* * *
He was cold when he woke up. And hungry, but he didn’t care. Jason wanted to go find his clone.
The room was empty except for the clone nurse. She stood facing away from him, scanning readouts from a big machine on the far wall. The room’s door was ajar.
Jason pushed himself to a sitting position. His limbs and muscles felt clunky, as if they hadn’t been used in a long time. His feet thumped as he slid from the too-high hospital bed onto the tile floor. The nurse glanced up.
She straightened and tapped an intercom switch on the wall. “He’s awake, Doctor.” She lifted him gently back onto the hospital bed.
“I want to see my clone,” Jason told her. His voice sounded funny, as if his tongue didn’t know its way around his mouth.
“I’m sure we can arrange that,” the nurse said. But she wouldn’t meet his eyes, and turned away to make some notes on her clipboard.
Dr. Kessan entered the room and scanned the computer readouts without greeting Jason. She crossed the room, checked his eyes and ears, and listened to his heartbeat. Then she tapped on his knee with a rubber hammer. “Do you hurt anywhere?” Jason shook his head no. “Can you speak to me? Tell me your name.”
“Jason Calloway.” He stumbled over the familiar sounds, trying to make his tongue respond correctly. Jason began to feel afraid.
Dr. Kessan straightened up and took the note pad from the nurse. “He seems to be doing well,” she said, marking something with her pen. “I think he’ll maintain a slight slurring of speech, though. And watch for any tremors or lack of coordination.”
The nurse took the notepad as it was handed back to her. “Will that be all, Doctor?”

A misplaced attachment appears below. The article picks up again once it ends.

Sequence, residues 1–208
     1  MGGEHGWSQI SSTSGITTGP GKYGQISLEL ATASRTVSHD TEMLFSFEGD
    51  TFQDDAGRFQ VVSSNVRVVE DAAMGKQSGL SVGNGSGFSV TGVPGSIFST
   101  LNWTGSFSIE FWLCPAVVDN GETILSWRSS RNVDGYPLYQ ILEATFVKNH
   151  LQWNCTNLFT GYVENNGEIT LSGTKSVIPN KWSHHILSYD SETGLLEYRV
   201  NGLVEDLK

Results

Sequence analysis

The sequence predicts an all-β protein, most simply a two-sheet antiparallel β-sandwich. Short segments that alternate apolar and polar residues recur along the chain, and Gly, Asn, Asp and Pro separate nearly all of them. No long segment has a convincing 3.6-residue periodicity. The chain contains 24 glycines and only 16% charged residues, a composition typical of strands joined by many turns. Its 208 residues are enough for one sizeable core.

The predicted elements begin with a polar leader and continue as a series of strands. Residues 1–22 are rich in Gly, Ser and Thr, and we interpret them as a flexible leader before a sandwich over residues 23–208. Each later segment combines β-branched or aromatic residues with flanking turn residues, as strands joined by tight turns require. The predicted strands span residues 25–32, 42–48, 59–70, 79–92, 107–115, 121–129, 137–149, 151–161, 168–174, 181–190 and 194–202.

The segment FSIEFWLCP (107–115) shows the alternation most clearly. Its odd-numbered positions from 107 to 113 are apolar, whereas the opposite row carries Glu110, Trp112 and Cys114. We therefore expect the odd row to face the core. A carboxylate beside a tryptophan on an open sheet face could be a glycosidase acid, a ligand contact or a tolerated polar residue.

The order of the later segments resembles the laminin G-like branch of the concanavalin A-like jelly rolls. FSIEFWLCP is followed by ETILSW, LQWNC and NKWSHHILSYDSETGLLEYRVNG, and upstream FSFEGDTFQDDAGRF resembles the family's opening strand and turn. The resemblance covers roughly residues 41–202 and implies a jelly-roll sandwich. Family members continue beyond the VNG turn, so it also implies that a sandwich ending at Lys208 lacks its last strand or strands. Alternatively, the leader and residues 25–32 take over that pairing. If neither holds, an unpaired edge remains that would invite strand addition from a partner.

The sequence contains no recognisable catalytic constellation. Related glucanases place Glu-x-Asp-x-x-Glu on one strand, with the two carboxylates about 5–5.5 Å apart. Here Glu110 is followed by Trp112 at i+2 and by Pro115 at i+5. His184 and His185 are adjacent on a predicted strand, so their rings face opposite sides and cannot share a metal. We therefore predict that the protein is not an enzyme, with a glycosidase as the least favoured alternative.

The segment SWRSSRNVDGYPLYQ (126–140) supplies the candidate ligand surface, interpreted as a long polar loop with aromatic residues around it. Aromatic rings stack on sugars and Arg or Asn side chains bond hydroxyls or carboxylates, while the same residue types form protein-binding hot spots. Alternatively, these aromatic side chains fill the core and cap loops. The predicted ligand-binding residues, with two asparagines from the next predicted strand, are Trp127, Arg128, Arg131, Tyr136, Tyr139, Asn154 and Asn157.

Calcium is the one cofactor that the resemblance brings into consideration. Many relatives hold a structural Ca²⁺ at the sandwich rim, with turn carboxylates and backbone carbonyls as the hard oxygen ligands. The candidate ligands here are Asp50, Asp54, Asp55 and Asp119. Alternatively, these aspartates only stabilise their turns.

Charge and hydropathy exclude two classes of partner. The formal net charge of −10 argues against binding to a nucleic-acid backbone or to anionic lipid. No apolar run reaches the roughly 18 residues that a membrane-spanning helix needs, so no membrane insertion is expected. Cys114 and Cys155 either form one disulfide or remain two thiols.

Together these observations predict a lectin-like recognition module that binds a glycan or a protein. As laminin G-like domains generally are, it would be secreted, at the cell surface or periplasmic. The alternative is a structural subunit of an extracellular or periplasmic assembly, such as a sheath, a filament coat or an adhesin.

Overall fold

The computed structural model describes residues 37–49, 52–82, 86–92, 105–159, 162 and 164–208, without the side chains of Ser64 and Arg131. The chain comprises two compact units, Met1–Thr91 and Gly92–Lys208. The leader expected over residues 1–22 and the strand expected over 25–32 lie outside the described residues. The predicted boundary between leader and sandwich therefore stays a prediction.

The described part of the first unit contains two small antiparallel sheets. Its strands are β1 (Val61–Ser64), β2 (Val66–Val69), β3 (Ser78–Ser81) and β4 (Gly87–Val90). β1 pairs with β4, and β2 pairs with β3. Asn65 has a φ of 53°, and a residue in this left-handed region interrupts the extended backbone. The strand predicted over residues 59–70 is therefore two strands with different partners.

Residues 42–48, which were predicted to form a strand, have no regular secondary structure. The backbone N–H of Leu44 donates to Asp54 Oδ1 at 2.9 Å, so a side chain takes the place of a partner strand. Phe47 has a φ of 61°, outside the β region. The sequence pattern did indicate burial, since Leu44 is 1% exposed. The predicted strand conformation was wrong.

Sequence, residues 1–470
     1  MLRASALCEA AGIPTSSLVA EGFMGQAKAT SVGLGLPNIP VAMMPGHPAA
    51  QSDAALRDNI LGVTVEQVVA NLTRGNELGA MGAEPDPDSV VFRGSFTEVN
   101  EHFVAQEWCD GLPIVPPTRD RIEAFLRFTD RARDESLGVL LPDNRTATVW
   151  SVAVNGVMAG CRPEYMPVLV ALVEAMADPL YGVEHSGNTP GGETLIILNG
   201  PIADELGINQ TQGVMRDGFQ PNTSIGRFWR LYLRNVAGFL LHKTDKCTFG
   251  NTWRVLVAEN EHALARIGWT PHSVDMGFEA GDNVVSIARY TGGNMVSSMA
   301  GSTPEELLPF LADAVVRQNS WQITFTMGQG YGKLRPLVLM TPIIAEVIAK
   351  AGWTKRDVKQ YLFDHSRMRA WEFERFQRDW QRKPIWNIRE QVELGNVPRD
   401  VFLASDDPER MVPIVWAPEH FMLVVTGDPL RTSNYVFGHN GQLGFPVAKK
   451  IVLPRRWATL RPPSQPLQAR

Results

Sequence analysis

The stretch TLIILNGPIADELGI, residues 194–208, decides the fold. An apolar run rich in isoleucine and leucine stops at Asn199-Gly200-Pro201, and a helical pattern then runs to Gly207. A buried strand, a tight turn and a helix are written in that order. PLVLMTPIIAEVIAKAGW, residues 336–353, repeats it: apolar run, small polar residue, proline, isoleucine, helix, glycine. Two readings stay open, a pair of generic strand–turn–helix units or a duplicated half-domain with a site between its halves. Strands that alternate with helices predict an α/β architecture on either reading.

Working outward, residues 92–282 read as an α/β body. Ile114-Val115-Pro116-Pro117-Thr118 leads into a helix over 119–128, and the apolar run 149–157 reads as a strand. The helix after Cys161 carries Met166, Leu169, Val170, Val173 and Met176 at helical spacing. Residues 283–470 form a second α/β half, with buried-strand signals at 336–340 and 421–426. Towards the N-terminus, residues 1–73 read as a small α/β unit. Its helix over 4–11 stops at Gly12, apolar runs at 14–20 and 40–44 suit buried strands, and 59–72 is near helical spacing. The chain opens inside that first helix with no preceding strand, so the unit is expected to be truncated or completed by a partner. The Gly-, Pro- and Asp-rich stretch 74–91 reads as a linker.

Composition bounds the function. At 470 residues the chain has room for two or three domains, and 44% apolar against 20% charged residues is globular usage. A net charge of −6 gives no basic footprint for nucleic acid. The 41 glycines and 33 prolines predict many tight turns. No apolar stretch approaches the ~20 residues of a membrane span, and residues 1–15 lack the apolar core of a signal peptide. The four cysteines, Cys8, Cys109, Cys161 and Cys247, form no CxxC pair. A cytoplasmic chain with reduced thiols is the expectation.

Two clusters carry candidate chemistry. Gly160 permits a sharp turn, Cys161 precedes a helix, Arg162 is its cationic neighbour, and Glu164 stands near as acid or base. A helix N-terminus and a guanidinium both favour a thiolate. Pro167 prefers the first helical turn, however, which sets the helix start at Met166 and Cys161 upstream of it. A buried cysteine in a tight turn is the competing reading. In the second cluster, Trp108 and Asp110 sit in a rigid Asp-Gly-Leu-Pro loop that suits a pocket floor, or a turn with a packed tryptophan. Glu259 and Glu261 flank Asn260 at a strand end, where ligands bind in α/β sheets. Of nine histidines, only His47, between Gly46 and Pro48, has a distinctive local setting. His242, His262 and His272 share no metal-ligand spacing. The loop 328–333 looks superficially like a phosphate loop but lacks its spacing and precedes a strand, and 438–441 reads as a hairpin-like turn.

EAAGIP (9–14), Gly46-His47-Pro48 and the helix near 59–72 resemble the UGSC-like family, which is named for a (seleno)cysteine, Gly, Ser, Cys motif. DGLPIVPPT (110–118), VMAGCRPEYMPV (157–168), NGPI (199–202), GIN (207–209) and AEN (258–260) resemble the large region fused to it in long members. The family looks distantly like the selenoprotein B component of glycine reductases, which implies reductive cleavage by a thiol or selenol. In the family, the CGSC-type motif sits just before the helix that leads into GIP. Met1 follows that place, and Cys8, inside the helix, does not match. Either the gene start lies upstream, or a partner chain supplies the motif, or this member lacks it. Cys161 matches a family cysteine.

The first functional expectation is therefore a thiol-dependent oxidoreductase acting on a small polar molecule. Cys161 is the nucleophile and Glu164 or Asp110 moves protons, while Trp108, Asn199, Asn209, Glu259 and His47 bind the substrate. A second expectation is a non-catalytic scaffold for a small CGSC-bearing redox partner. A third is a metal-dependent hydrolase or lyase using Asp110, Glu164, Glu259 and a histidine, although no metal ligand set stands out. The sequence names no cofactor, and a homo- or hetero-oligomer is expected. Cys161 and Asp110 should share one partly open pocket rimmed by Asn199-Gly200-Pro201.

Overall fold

“Yes. Take him through the preliminaries, then send him on to the training school.” The nurse nodded and Dr. Kessan left.
Jason remained sitting on the hospital bed, shivering. “Can I see my clone now?” he asked.
The nurse looked at him as though she were recalling a distant pain. Finally she lifted him down from the bed and took his hand. “Come with me.”
She led Jason across the room, then sank to one knee and directed his gaze towards the full-length mirror on the back of the door. He stared at his reflection and reached up to touch his forehead in disbelief. There, emblazoned in blue ink beneath the skin, were the characters JAS-1, followed by a registration number.
Jason tried to rub the letters off, but they wouldn’t come. He rubbed harder. The nurse grabbed his hands and held them by his waist. “It won’t come off,” she told him, “You’ll only hurt yourself trying.”
“B-but I’m not a clone! I’m Jason!”
“Jason Calloway is at home rightnow with his parents. You have all of his memories, but you are not Jason. You’re his first clone, and you must respect and obey him from now on.”
Jason felt as if someone had turned the world inside out and then stepped on it. The nurse was mistaken. She had to be. Because if Jason was a clone, then he’d feel happy. The teacher in school said clones were always happy. Happy, happy, happy! He pounded his head against the mirror until the nurse pulled him away from it.
Later, headed towards the clone school with six other children and a drooling chaperone, Jason felt the first seeds of bitterness. He sat on an unpadded chair in a shabby rail bus that jounced and rattled like it was about to break down. And he was surrounded by clones. His mother would be appalled at these circumstances. His mother would be appalled at him. No wonder people were discouraged from meeting their own clones.
There was no chance, Jason slowly realized, that Mother would let his Original come speak with him. She couldn’t stop Jason’s Original from getting the biannual duty letters - those were private - but would his Original read them? In twelve years, when he was no longer a minor, would he seek out Jason? Yesterday Jason would have felt certain the answer was ‘yes’. Now he was no longer sure.
At the front of the bus, a smiling human spoke to them from a video screen; a recorded, five-minute message that played over and over. The dark-suited man explained that they were headed for a brand new life, with new, exciting challenges, and that they shouldn’t prejudice themselves against it just because it wasn’t the life they’d expected to have. After the ninth repetition, one of the boys threw his shoe at the screen. Mr. Suit Coat vanished in a crackle of static.
The chaperone did not turn him back on.
Guest post by Nancy Fulda